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Happy Father’s day! The pacific spiny lumpsuckers like this one photographed at @montereybayaquarium can be found off the coast of Washington, up into the Aleutian Islands, and all the way to the northern islands of Japan. As their name suggests, these fish are usually found attached to solid objects by the sucker protruding from their abdomens. Males of this species do most of the parenting, anchoring themselves next to their brood for 3-8 weeks and defending their eggs from predators. These dads will also use their fins to fan water over their soon-to-be babies, ensuring that the eggs get enough oxygen before they hatch. They’re tiny (just 1-3 inches) and not very graceful swimmers, so they’re generally seen near the ocean floor where they blend in more easily.


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Trinidad chevron tarantulas, like this one pictured at @theomahazoo , are tree-dwelling spiders that build funnel-shaped webs. Although the species isn’t typically known to be very aggressive, they can and will bite if they are provoked. Researchers have found that the venom of this species is similar to capsaicin, a compound that activates heat-sensitive sensory neurons. This compound is also found in chili peppers, and is the reason you experience a burning sensation while eating that spicy food.


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This is a heart crab photographed at @alaskasealifecenter. They have strong claws and sharp tips on their legs that allow them to grip stone walls and cling to surfaces. Heart crabs are colorful after molting, but quickly have a growth of diatoms and other organisms on their surface that dim their color and allow them to hide in their habitat for protection. This species is a predator to sea urchins, barnacles, tunicates and sponges. The Alaska SeaLife Center must be careful where these crabs are displayed since they could eat other exhibit animals. Heart crabs have been known to crack open snail shells occupied by smaller hermit crabs and eat them. In turn, they are vulnerable to some fish like wolf eels, which are not fazed by crustacean shells.


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Though it has the long, slender body of an eel, this is actually a violet goby, a fish native to the Atlantic coast of North and South America. In the wild, violet gobies can grow up to 24 inches (61 cm) in length, with fins running down almost the entire length of their bodies. These fish may look like fearsome predators, but they’re primarily scavengers. Their main method of feeding is scooping up mouthfuls of gravel from the seabed and sifting out anything edible. They also have highly specialized teeth used to scrape algae off of rocks. This fish was photographed at @aquarium_de_paris in Paris, France. To see another image of this fish visit @natgeo.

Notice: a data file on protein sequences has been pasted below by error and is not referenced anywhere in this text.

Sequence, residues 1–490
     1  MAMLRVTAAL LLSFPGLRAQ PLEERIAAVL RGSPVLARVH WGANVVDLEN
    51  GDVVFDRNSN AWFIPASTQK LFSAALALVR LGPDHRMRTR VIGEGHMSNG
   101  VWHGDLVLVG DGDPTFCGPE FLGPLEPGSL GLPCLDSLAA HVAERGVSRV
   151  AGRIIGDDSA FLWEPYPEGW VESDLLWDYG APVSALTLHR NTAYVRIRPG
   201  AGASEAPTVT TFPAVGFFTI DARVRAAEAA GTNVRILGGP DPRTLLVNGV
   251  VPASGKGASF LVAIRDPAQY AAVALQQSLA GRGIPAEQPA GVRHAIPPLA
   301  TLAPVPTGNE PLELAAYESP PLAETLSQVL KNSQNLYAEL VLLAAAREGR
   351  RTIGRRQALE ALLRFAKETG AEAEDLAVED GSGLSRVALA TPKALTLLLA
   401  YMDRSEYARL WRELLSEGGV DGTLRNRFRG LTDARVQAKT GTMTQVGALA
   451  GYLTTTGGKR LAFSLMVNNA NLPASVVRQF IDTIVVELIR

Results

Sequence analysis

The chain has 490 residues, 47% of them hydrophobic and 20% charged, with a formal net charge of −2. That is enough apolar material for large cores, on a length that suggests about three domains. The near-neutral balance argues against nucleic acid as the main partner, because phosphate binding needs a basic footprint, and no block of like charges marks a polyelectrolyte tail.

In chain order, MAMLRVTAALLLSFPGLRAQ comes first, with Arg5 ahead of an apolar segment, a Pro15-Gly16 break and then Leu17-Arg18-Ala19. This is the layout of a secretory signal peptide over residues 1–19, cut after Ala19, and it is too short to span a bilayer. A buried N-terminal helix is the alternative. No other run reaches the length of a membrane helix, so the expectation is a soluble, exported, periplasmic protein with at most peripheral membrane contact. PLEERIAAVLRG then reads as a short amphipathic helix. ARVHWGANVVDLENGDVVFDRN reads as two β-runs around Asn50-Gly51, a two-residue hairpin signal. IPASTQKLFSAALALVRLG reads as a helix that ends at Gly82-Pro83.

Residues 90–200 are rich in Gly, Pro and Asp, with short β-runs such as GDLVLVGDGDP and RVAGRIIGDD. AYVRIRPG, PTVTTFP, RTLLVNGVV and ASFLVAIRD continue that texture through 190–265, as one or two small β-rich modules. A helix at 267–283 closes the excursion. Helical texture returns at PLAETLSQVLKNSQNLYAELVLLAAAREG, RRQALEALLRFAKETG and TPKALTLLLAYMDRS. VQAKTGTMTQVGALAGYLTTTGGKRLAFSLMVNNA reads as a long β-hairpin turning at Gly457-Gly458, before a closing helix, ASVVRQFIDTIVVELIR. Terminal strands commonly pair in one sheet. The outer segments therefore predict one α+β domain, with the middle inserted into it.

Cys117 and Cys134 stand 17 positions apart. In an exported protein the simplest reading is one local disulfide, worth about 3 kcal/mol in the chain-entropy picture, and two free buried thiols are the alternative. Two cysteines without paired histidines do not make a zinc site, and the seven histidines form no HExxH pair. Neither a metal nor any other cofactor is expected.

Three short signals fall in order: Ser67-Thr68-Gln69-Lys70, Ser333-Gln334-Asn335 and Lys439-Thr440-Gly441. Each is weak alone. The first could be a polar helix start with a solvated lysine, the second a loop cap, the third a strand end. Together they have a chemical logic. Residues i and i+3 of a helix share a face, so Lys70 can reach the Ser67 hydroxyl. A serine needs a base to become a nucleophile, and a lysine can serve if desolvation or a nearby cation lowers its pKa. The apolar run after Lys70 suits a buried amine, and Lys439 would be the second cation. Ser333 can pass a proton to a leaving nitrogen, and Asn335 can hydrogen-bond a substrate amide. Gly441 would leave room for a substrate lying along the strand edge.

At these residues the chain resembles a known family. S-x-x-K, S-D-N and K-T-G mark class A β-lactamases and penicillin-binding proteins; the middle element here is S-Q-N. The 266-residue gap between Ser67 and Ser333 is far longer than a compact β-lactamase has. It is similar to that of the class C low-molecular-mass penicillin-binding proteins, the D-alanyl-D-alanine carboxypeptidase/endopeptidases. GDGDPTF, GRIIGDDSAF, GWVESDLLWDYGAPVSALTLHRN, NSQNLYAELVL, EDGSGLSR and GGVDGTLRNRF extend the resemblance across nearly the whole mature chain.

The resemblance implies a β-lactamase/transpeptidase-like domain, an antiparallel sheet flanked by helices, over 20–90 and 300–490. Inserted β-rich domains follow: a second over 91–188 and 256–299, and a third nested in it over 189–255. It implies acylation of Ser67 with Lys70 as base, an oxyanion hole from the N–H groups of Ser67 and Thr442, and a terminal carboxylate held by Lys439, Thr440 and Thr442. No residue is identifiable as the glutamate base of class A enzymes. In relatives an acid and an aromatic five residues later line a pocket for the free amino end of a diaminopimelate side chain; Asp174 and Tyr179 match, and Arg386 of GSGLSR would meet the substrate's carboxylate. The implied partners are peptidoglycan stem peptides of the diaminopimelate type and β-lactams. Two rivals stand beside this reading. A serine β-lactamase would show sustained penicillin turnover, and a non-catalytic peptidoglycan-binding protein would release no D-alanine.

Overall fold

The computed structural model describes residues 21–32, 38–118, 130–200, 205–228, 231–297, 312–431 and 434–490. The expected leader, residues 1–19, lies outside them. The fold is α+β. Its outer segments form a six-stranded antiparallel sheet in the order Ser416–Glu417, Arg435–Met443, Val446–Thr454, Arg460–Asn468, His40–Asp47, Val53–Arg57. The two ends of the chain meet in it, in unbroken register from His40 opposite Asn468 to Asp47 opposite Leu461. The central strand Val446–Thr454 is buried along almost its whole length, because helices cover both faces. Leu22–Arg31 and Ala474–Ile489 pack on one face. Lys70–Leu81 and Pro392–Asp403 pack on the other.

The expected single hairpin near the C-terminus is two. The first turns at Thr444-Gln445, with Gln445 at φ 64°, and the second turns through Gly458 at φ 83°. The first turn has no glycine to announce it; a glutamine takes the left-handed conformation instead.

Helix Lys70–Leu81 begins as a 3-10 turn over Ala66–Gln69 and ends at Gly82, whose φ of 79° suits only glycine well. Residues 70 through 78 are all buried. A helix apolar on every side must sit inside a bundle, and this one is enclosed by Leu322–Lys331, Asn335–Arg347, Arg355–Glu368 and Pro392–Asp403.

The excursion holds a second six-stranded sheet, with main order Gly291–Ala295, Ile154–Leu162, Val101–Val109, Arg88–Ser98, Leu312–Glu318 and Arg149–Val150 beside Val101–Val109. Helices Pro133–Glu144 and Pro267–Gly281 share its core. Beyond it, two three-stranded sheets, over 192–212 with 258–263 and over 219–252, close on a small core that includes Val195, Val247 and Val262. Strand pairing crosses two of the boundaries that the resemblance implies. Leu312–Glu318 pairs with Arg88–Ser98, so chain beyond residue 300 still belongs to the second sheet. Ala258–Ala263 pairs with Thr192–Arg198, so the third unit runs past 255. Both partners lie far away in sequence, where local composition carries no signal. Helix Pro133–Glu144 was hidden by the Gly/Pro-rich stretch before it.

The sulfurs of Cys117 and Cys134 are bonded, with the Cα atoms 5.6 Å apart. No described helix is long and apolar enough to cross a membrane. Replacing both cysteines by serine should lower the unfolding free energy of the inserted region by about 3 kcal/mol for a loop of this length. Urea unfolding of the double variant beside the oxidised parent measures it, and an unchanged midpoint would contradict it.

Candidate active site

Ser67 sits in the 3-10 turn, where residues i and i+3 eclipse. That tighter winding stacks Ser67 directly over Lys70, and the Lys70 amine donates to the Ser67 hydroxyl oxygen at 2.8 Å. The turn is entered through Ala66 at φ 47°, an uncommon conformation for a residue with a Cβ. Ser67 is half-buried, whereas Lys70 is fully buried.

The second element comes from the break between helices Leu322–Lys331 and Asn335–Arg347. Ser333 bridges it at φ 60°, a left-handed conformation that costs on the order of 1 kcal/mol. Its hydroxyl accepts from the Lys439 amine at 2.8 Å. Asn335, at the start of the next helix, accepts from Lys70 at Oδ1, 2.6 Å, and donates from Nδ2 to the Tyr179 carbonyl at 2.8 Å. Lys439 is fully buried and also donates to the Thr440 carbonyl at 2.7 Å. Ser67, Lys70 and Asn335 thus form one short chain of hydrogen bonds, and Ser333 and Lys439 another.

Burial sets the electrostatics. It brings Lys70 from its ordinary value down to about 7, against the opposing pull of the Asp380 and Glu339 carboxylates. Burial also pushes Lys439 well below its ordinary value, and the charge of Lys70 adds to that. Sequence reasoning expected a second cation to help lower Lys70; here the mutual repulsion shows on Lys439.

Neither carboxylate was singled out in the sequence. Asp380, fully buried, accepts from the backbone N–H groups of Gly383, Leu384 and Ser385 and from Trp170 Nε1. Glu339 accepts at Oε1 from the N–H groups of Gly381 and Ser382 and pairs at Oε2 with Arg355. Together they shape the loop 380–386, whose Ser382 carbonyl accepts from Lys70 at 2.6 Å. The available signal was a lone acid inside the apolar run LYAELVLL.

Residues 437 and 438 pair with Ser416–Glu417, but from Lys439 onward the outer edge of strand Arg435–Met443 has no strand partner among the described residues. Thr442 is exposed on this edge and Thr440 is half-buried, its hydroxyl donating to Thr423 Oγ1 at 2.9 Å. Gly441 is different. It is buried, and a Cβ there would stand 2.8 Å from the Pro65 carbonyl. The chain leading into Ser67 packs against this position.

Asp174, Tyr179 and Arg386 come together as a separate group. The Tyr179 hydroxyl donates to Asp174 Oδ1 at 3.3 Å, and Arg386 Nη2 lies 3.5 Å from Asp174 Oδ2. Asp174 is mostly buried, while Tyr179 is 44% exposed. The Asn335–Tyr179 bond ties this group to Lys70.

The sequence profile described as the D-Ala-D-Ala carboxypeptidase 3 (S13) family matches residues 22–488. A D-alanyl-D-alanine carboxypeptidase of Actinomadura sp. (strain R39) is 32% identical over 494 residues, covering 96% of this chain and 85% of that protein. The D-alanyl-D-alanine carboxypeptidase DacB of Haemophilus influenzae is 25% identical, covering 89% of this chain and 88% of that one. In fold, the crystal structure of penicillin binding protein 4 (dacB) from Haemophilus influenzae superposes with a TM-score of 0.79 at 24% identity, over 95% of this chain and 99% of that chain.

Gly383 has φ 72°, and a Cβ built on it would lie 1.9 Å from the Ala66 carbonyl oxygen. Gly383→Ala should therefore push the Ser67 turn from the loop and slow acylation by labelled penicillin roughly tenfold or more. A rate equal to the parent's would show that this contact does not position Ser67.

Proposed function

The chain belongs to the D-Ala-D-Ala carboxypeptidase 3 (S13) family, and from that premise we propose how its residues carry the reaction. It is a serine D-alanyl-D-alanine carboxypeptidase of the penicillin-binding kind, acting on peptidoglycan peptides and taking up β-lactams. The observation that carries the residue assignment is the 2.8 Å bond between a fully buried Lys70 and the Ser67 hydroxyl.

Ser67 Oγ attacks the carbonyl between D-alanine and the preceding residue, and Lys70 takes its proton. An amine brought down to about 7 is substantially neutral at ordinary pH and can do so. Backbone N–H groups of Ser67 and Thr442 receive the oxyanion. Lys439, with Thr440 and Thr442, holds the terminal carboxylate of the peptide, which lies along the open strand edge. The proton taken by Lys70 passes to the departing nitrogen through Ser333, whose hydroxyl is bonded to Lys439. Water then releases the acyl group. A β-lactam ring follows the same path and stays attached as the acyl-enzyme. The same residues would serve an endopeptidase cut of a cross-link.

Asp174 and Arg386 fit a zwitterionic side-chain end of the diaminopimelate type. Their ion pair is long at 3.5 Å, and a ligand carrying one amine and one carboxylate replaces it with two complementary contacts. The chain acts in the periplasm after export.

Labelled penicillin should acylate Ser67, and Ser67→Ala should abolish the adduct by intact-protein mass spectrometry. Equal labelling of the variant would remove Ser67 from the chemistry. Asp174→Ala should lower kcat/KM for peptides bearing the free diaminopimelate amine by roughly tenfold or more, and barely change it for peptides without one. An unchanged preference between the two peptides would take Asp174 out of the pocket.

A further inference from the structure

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These two Standing’s day geckos (a juvenile on top and adult) were photographed at the Plzen Zoo in Plzen, Czech Republic and are one of the largest day gecko species found on the island of Madagascar. Most adult day geckos become dangerous predators to their offspring, which can lead to cannibalism, however, the Standing’s day geckos are an exception. Warning colours visible on the baby geckos allow them to live together as a happy family without mom becoming highly aggressive.
Although native to southwest Madagascar they are rarely seen in the wild due to habitat loss, conversion of land to agriculture, and the international pet trade. The Plzen zoo is hard at work, protecting this species. More than 25 Standing’s day geckos have been born at the zoo since 1997, when the first one arrived.


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This adorable creature is a Western European hedgehog photographed at Centro Fauna Selvatica “I’ll Pettirosso” in Italy. The rescue center receives an average of about 350 hedgehogs every year. These tiny mammals give birth twice a year, at the end of spring and autumn. At birth, baby hedgehogs have a coat of soft, white spines which are underneath their skin to protect the mother during birth, but then emerge after a few hours. A second coat of dark spines emerges after about 36 hours, and later on a third set develops. In general hedgehogs are good swimmers, can run fairly quickly, and known for their habit of rolling into a tight ball when threatened. These hedgehogs do not hibernate but during cold periods can sleep for many days.
In Europe, people often find a nest of very young hedgehogs and immediately assume they are abandoned even though the parent has likely just gone to look for food. So young hedgehogs should never be moved from the place where they are found unless visibly injured as they will lose the ability to find food from their natural points of reference. If found, it is best to observe the nest for a few days until one parent returns, then if there is no sight of mom or dad, the babies can be taken to a rescue center. This is very important as it is difficult to hand-rear small hedgehogs and they easily imprint on humans and then make it difficult to return to their natural habitats. This photo shoot was possible thanks to the @greenteenteam